with widely distributed participants are a hassle. In the past you had two choices:
fly everyone to one location, or endure painful audio conferences. With the
introduction of programs such as Microsoft NetMeeting, it has become possible
to hold data conferences where you share documents and applications with remote
participants. However, setting up these data conferences has always been difficult
due to the problem of securely connecting people who are behind corporate firewalls.
These conferences also require that everyone have the same software.
Recently, a number of companies have introduced virtual meeting spaces. These
are Web sites where you can hold online meetings. Anyone with a browser can
connect to these Virtual Meeting Spaces and easily set up password-protected
meetings. Inside these meetings you can share applications, show documents,
and sometimes even include audio.
I spent a few days touring some of the more popular sites. This article is
by no means a comprehensive survey of all that is available. It is also not
a review. Instead, it is intended to provide people with a bit of information
on Virtual Meeting Spaces and what they offer.
For the most part, these systems are very similar. Each has a whiteboard where
you can write notes. Each also supports the ability to load and show PowerPoint
presentations. And each has some ability to share live applications with other
users (though functionality varied widely from one site to the next).
My tour started off at WebEx. WebEx is fairly well known in the business,
and their Web site has a superb flash demo that shows off their product nicely.
The whiteboard and PowerPoint presentation features were easy to use. The application
sharing feature was extremely powerful though somewhat confusing initially.
You could share any of the applications running on your system. Each shared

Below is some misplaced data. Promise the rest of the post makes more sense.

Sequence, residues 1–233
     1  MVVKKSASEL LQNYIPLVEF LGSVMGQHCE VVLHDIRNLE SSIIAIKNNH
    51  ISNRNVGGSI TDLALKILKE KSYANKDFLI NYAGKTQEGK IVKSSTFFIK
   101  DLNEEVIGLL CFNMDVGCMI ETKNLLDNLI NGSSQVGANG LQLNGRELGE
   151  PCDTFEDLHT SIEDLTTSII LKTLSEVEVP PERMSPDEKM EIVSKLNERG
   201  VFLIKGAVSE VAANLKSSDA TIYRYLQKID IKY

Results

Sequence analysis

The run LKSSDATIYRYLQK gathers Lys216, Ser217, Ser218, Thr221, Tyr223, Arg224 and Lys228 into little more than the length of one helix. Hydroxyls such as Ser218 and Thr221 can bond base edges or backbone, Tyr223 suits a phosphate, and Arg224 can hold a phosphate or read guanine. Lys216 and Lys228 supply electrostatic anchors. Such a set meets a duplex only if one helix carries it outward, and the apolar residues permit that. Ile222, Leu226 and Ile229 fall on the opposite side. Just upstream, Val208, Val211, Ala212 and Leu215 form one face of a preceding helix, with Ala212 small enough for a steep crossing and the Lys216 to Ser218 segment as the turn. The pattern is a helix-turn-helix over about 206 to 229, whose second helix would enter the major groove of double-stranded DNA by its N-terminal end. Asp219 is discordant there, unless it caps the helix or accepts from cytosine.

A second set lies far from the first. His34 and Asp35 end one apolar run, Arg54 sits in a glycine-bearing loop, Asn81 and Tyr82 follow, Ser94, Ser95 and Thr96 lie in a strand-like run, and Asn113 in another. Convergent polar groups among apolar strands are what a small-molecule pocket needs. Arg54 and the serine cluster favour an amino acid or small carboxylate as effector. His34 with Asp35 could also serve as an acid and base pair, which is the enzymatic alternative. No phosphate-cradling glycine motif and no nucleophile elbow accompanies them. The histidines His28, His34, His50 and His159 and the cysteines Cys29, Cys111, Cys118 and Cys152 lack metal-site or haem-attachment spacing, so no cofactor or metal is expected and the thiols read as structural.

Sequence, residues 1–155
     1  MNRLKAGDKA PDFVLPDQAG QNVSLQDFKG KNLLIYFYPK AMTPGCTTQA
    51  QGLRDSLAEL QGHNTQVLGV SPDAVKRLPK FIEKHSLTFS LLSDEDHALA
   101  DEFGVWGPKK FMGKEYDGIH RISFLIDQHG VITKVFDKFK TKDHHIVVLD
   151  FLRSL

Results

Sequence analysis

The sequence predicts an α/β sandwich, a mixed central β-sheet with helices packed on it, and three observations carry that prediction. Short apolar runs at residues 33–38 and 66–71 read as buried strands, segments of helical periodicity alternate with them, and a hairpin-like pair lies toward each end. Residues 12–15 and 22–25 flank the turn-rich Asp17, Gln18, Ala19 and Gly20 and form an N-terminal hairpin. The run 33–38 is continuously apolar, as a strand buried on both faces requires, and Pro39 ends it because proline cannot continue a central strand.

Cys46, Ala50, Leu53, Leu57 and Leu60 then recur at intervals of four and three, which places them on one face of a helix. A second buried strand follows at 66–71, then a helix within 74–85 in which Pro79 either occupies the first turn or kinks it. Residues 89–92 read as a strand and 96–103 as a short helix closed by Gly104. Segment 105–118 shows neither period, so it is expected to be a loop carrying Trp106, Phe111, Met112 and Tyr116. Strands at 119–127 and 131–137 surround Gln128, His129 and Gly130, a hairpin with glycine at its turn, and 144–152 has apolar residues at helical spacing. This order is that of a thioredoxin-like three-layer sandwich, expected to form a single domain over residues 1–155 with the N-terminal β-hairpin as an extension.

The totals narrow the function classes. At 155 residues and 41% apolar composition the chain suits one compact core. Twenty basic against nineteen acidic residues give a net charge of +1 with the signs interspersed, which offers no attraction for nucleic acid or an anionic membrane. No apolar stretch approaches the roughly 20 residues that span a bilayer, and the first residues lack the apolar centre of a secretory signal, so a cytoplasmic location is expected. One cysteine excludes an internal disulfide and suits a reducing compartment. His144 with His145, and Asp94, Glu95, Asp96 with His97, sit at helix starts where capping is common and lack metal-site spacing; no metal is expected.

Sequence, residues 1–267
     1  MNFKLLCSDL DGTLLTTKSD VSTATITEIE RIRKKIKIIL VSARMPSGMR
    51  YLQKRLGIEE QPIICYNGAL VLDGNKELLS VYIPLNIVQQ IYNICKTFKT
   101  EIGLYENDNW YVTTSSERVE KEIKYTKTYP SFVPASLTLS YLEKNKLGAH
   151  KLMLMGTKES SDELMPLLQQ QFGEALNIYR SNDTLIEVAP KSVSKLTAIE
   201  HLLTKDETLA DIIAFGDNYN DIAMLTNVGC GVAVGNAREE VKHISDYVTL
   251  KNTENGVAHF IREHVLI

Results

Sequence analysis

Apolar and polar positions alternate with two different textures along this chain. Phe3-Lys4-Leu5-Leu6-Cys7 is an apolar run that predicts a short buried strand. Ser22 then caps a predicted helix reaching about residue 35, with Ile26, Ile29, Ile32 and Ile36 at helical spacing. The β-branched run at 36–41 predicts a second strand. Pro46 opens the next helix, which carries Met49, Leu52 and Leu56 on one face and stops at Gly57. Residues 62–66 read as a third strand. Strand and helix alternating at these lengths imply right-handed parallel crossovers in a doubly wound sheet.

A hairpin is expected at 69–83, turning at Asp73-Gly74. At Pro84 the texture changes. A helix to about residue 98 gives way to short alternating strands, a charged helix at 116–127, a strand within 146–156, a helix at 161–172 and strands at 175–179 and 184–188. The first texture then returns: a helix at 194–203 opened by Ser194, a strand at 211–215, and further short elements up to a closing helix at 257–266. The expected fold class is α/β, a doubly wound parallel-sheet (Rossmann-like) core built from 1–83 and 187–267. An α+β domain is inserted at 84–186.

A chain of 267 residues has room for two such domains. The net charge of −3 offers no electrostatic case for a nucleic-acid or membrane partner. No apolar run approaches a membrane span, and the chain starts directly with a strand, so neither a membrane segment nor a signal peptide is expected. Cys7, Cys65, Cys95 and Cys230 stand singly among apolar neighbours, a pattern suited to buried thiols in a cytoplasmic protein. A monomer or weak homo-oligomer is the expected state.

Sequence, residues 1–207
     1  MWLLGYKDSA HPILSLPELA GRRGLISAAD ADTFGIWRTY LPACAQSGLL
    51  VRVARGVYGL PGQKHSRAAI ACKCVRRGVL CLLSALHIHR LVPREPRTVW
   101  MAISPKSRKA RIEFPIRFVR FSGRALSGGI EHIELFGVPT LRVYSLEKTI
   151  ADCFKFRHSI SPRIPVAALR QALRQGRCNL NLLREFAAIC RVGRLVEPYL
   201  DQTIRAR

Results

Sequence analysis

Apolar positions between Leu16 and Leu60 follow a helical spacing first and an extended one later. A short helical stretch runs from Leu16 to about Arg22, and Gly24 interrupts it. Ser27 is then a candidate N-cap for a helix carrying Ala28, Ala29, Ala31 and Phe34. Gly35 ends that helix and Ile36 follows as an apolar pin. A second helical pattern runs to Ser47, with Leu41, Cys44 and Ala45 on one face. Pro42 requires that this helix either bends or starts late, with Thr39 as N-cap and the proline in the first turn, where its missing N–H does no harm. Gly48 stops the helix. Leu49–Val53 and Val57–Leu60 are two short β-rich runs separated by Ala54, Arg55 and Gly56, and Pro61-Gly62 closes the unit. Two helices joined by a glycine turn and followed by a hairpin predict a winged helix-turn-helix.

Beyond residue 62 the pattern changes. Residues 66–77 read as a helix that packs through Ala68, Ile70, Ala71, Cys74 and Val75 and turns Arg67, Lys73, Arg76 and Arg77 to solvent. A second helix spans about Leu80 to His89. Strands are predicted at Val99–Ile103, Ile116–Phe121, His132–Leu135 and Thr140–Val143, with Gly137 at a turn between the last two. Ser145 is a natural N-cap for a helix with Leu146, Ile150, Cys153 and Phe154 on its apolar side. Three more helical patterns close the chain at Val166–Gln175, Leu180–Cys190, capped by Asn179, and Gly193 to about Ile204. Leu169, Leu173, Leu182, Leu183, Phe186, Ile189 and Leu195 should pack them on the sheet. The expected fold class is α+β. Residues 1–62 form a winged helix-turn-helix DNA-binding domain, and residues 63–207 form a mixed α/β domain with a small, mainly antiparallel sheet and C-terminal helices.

application got a small button on the WebEx title bar that provided additional
controls. Particularly useful was the ability to annotate over shared applications
with a set of pen tools.
Another impressive feature was the integrated support for audio conferences.
Although I did not try this feature, the promotional material said that it would
be possible to create a meeting and book a voice conference at the same time.
Performance was excellent throughout.
Placeware is another well-known system. It also had a flash demo, but it
wasn’t my favorite. When I tried out the product, however, I was extremely impressed.
The system had an excellent user interface that struck a perfect balance between
functionality and complexity.
Placeware has a great set of presenter tools that allow you to easily control
what participants can see and do in a meeting. Although it seems to be aiming
mainly for a presentation market, it would be a good choice for any type of
Centra’s specialty is definitely audio support. You can do audio directly
from your PC using a microphone connected to your sound card. Centra uses a
push-to-talk metaphor to control who is speaking. You hold the control key to
get the microphone so that you can speak. Although the audio quality was reasonable,
streaming audio is still a very immature technology and results can vary tremendously.
Unfortunately, performance on the site was sluggish and the interface was overcrowded
compared to other sites. However, if integrated audio is important to you and
you’re willing to put up with some minor delays and usability issues, Centra
would be well worth visiting.
These are just a few of the many companies entering this space. Judging
from the level of functionality I saw in all of these sites, Virtual Meetings
are becoming a great alternative to travel. You can stay home and save a bunch
of money by saying "Meet you on the Web."
1. Fast Company Magazine, January/February 2000 issue